A Native Hawai’ian Scholar Takes on Mauna Kea’s Telescopes

By Zoë Wright

Winding up the slopes of Hawai’i’s highest mountain, visitors are quickly immersed in the state’s rich flora and fauna. Farther up, they can look out onto the glittering Pacific Ocean, and, at night, view the clearest skies in the Northern Hemisphere, ones in which stars speckle the entire evening horizon. But these beautiful scenes conceal a darker side of the mountain, called Mauna Kea, for its slopes are a battleground. The dormant volcano is consecrated ground for the Native Kānaka Maoli people: it is the sacred home of the gods. “The connection between the land and the people there runs deep,” says Kanaka Maoli native Sara Kahanamoku. The Kānaka Maoli people, she explains, have long been fighting to keep their mountain since the first western astronomers observed there in the nineteenth century.  Since then, western astronomers, with the support of non-Indigenous governments, have ignored Kānaka Maoli traditions and knowledge, electing to build 13 telescopes on the sacred mountainside. More recently, in 2015, tensions on Mauna Kea reached a boiling point, when Kānaka Maoli elders were arressted while peacefully protesting the proposed construction of yet another telescope — this time a Thirty-Meter Telescope, often called TMT.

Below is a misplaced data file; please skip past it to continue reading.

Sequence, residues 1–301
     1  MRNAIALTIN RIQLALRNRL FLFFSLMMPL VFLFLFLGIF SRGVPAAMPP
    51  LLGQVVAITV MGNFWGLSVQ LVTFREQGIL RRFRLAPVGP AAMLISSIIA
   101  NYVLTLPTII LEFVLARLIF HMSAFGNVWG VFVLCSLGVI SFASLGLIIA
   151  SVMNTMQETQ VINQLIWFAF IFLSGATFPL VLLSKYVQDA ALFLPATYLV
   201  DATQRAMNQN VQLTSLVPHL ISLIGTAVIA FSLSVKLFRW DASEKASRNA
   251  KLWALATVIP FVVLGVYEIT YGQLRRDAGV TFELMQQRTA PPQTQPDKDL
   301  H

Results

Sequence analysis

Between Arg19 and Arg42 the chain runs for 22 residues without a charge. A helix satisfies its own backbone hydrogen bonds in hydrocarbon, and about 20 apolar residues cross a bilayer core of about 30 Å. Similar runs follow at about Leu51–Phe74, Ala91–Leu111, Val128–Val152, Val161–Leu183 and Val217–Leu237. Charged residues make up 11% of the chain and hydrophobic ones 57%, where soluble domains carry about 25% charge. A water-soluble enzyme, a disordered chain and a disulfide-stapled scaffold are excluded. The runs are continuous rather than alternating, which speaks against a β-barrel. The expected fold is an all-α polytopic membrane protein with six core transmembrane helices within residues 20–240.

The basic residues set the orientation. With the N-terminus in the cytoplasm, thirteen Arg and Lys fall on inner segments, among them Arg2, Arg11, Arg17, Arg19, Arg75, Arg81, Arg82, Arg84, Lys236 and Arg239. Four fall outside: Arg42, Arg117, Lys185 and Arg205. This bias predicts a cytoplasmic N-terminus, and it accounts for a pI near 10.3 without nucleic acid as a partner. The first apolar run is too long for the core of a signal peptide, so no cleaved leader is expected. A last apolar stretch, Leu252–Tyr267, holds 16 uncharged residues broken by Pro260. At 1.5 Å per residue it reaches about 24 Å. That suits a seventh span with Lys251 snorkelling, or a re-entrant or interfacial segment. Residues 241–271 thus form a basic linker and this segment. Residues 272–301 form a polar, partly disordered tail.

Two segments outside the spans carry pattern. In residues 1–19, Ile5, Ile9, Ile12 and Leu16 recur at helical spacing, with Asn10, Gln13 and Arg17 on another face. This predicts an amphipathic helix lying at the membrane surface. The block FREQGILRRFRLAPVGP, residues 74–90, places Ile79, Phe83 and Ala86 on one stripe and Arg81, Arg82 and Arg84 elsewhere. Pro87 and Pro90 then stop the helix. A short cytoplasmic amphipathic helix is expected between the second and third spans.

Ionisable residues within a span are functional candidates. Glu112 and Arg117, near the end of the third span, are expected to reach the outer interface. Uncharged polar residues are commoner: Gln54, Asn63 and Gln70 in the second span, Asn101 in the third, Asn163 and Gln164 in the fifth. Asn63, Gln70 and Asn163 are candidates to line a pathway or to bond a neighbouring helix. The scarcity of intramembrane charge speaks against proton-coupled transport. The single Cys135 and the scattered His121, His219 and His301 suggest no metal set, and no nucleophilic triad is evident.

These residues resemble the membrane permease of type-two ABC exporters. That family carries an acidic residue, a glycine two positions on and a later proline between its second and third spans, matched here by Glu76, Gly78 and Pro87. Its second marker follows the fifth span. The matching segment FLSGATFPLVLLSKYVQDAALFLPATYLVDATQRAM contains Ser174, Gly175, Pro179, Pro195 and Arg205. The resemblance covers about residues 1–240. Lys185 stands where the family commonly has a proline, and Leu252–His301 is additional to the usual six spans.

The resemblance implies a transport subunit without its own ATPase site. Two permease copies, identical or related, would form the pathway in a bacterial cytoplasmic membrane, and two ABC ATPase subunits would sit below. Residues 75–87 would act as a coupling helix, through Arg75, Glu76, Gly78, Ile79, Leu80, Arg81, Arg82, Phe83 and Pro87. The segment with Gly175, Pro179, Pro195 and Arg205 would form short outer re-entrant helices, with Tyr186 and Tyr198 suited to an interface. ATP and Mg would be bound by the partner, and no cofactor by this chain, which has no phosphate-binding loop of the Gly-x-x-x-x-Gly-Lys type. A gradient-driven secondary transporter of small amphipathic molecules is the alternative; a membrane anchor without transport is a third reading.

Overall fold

Mauna Kea. Credit: Nula666/Wikimedia Commons

Should TMT be built, it would be the 14th telescope constructed on the mountain without Kānaka Maoli consent, yet another reminder of colonialism in science, and its inherent aversion to cross-disciplinary pollination. To address these broader issues as they relate to TMT, along with her opposition to the latest telescope project, Kahanamoku, a graduate student in paleontology at University of California, Berkeley, coauthored a paper earlier this year in which she and her colleagues, all Indigenous Americans, describe steps to begin a reconciliation process between astronomers and the Kānaka Maoli. Kahanamoku recently spoke with (Science Writers/Undark) about the paper, the growing tensions between Indigenous and scientific communities, and the propitiation that could help make Mauna Kea a leading example in the process of decolonizing  western science. 

Zoë Wright: What made you first get involved with Mauna Kea?

Sara Kahanamoku: Well I am Kanaka Maoli, so that originally got me involved. To be honest, I’m not an astronomer, so the Mauna Kea situation was not something that was ever in the forefront of my radar. When I got to my university program, I was the only Native Hawaiian student, and to this day I believe there’s only something like three or four Native Hawaiians who hold science doctorates. The lack of diversity really pushed me to look more into the situation. Myself and other Indigenous academics decided that the best way for us to get involved was through writing. Last year, several of us were asked to write a paper from Native voices opposing the TMT project, so that’s how it came about.